Zach Johnson knows how tough it is to win a Ryder Cup on European soil – a feat the United States hasn’t achieved in nearly 30 years – so it’s no wonder that he’s planning a team scouting trip to Marco Simone Golf Club ahead of the 2023 matches.
Speaking Wednesday in Honolulu, Hawaii, ahead of the Sony Open, the 2023 U.S. Ryder Cup captain discussed playing golf, of course, but the lengthy conversation was centered on his captaincy, with just under eight months to go until the matches tee off in Rome, Italy.
Johnson was asked about trying to get his players overseas to play the challenging course before late September. Many of Europe’s top players will make the trek to play the course during the DP World Tour’s Italian Open in May, but it coincides with one of the PGA Tour’s designated (i.e., bigger purse) events: the Wells Fargo Championship.
“That was discussed at length numerous times,” Johnson said. “I have not [tried], and I don't think I will encourage anybody necessarily to go out and play the Italian Open… Nothing against the Italian Open. If they want to go play, that's great. I think it's fantastic. But at the same time, there is a lot going on here.
“We're not going to receive Ryder Cup points in the Italian Open, so that would be something we don't want to go down and Charlotte doesn't deserve that. Quail Hollow and everybody at Wells Fargo doesn't deserve that, because that's an awesome tournament. So that's not what we're going to be doing.”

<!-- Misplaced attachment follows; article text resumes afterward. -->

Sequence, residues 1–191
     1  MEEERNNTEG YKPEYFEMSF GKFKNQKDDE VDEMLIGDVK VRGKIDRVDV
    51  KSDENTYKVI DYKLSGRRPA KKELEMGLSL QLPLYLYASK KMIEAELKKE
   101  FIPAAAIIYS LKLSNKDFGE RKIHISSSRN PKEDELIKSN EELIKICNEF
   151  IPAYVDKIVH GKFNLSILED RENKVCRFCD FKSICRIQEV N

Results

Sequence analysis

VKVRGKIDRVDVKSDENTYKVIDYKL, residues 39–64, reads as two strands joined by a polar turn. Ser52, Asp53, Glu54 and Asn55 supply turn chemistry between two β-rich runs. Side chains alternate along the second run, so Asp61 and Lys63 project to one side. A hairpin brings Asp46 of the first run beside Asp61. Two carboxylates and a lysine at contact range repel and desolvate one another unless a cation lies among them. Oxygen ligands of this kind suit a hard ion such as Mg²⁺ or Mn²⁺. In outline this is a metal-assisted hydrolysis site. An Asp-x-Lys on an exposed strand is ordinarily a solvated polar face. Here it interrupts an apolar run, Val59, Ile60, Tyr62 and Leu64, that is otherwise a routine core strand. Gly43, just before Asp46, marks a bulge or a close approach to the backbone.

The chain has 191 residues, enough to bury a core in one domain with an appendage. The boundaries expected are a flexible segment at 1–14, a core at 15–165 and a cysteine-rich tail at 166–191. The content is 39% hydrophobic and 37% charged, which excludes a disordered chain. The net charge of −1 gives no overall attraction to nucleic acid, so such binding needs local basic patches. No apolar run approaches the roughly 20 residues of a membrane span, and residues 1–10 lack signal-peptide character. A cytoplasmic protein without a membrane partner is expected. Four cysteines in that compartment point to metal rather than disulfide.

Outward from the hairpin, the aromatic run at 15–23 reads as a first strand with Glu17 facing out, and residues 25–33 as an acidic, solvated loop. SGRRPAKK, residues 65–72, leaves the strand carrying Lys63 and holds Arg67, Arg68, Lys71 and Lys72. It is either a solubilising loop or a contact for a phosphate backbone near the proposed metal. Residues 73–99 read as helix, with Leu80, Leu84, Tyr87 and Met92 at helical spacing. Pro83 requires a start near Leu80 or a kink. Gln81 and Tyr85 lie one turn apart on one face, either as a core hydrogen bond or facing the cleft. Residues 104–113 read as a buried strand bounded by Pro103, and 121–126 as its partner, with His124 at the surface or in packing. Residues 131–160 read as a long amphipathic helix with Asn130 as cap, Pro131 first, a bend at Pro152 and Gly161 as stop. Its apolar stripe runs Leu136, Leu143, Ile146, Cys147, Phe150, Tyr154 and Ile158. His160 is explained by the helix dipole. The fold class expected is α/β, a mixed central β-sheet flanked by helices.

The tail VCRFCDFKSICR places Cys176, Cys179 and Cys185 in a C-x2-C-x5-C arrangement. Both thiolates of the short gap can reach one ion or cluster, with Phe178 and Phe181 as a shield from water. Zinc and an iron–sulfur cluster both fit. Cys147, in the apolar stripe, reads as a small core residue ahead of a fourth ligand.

Instead, Johnson plans to take the U.S. team on a scouting trip after the team is finalized on September 4 and before the matches begin September 29.
“I'll just say this: There is an opportunity for those individuals that make the 2023 Ryder Cup to see the Italian Open, Marco Simone, the golf course, before the tournament, and come home and then go back,” Johnson confirmed.
The two-time major champion is taking inspiration from his own rookie Ryder Cup year in 2006.
Back then, the team that included Tiger Woods and Phil Mickelson took a scouting trip to Ireland, where the 36th Ryder Cup matches were played. It was a quick trip – two nights, three days – where the group hung out and played the course before flying home, just to return a few weeks later.
The the U.S. eventually lost, 18 1/2 to 9 1/2, but Johnson believes such a trip is important to solidify the foundation of a team, providing more moments to bond and establish a camaraderie that translates onto the course.
Johnson reflected on another one of those fond memories that happened just before the ’06 scouting trip, when Woods took all of the Ryder Cup rookies out to Diamond Grille in Akron, Ohio, and paid cash for the meal.
“Pretty generous guy as far as I can tell,” Johnson remarked humorously.
Whether Woods will be tagging along for this year’s trip is still up in the air, but Johnson said he will be part of the team in some capacity.
“Now, from all accounts, and we're communicating with him quite a bit," Johnson said. "Actually, trying to get a phone call here shortly, but nothing of any substance. He's a part of the team. It's just a matter of to what degree.”